- RatedPG /GenreDrama, Science Fiction
We’d wager that halfway through watching ‘Midnight Special’, you’d ask yourself, “What is going on?”
Indeed, the films of writer-director Jeff Nichols tend to zig and zag through so many genres that you're not sure where the film is heading or even if there a point to all of it.
Likewise, with ‘Midnight Special’ takes us on a road movie, a study of faith, a family drama and a chase movie embedded with the DNA of a ‘80s sci-fi yarn that would make Steven Spielberg proud.
Nichols deliberately keeps the story murky, and if you’ve watched his previous offerings like ‘Take Shelter’ and ‘Mud’, this movie is just as cryptic.
Frequent Jeff Nichols-collaborator Michael Shannon plays Roy, a father who, with his friend Lucas (played by Joel Edgerton), takes his eight-year-old son Alton (Jaeden Lieberher) on the run.
Alton has very special powers and everybody knows it. For reasons unknown to us, the boy has to wear goggles and other protective gear for his own protection — and to protect those around him.
Everyone is after them — the FBI, an NSA analyst (Adam Driver), the police and the members of a religious community.
Movies with special-powered folk are all the rage these days, but while most are obsessed with sweeping stories and big universes, ‘Midnight Special’ takes a micro view and focuses on the human rather than the superhuman.
The movie unfolds through Roy’s eyes and he is our surrogate in the story; with him (and us) trying to make sense of what is happening to his child. But it is Roy’s love for Alton and his wavering faith that drives him forward.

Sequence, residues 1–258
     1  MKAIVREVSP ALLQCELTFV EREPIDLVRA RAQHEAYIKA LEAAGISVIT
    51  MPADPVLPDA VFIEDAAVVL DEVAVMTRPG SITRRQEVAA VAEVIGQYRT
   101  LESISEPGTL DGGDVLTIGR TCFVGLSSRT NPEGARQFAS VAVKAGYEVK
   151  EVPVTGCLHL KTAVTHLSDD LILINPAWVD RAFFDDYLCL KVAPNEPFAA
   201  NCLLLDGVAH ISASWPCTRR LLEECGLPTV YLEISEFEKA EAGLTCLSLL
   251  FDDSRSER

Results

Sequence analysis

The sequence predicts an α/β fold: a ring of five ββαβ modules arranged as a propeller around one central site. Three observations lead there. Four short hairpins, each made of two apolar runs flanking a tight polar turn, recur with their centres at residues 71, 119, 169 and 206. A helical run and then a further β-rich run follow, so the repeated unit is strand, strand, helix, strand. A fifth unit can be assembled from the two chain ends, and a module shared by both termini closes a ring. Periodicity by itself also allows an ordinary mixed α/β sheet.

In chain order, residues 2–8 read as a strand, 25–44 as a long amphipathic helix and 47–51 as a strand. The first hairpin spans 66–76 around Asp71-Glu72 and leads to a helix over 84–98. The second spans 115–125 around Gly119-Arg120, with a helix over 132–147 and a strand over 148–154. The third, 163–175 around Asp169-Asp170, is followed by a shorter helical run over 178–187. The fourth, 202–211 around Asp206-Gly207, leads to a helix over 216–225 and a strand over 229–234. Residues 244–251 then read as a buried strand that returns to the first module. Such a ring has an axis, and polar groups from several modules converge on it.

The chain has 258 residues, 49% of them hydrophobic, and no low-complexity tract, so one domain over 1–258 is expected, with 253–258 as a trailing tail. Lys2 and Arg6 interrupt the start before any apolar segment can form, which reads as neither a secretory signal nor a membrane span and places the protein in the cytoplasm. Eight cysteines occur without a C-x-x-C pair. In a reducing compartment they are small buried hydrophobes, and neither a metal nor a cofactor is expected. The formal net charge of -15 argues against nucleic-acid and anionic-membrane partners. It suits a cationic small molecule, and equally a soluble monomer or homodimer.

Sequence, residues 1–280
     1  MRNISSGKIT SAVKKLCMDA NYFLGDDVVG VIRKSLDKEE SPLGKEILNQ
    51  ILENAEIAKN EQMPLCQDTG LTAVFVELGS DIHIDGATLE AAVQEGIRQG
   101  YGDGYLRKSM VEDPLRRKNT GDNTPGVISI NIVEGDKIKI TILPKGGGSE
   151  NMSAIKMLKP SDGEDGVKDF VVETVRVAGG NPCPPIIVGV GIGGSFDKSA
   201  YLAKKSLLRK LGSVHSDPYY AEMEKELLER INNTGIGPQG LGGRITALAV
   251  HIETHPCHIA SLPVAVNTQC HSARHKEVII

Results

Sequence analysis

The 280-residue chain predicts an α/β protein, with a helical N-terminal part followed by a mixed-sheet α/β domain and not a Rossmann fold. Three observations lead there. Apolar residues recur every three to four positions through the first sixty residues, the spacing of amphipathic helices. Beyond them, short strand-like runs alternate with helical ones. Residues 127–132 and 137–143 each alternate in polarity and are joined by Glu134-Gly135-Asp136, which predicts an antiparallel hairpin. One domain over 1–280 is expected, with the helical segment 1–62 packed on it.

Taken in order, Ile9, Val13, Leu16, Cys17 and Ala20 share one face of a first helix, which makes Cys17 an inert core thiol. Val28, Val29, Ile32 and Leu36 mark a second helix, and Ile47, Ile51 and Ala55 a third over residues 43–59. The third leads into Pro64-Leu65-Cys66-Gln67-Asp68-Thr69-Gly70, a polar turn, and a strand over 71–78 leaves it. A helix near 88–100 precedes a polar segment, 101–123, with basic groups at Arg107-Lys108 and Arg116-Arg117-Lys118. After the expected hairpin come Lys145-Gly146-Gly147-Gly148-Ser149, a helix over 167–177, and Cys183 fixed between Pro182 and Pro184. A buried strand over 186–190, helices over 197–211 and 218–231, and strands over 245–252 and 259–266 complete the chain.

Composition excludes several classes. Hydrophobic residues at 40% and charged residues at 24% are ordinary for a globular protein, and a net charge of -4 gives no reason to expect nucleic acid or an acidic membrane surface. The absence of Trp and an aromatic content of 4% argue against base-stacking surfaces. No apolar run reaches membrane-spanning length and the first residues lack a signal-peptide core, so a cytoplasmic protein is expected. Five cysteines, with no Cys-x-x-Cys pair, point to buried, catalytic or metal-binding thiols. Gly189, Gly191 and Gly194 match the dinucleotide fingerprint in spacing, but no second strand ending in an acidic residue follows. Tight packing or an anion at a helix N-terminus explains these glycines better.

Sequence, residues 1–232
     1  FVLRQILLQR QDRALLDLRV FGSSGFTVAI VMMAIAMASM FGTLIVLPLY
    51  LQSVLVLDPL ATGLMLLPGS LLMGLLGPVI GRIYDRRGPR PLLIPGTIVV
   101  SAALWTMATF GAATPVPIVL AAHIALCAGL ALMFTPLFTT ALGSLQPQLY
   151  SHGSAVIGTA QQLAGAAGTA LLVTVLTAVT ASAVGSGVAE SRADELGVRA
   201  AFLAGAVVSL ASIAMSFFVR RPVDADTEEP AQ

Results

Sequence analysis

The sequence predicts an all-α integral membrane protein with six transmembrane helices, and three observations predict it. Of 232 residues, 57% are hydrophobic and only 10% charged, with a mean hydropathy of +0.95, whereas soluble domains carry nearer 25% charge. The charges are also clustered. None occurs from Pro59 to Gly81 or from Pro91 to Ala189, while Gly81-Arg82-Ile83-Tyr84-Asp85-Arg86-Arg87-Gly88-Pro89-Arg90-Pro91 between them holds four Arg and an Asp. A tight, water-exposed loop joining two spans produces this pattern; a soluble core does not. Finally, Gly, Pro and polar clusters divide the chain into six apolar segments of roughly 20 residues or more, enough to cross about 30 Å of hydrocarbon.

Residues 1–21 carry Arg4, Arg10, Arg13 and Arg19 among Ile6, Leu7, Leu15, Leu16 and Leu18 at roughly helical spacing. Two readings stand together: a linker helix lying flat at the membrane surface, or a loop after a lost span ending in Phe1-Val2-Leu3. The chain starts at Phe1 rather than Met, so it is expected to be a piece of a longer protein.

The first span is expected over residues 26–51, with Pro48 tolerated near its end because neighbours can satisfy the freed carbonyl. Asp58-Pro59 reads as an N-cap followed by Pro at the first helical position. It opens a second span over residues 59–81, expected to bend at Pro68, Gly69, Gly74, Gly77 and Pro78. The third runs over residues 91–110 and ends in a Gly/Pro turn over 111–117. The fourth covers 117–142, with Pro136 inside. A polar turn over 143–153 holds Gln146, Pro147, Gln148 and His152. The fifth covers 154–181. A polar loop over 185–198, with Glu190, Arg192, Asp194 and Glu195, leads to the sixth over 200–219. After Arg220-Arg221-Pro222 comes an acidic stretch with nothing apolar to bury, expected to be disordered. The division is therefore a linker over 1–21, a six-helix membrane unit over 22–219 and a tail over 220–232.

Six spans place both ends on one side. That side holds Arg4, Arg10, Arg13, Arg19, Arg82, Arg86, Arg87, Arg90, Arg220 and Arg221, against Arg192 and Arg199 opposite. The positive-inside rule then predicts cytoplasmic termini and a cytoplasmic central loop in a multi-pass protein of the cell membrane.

The acting is top-notch with an A-list cast that also includes Kirsten Dunst as the boy's birth mother and Sam Shepard as a preacher.
The story slowly trickles on like a slow IV drip but it is exactly this sort of restraint which makes Nichols one of film’s most compelling storytellers and auteurs of his generation.
There are shoot-outs, car chases in night-vision and spurts of digital effects, but they’re all in support of the storytelling.
He takes away enough expositional information from the narrative to still have a story. The film's ambiguity keeps you nicely guessing throughout — though it's a little frustrating.
However, whether the payoff at the end is sufficient is a big question because when Nichols eventually lifts the veil, you’ll understand the reason for all this opacity but frankly you’ll wish that he hadn’t.
‘Midnight Special’ opens 21 Apr 2016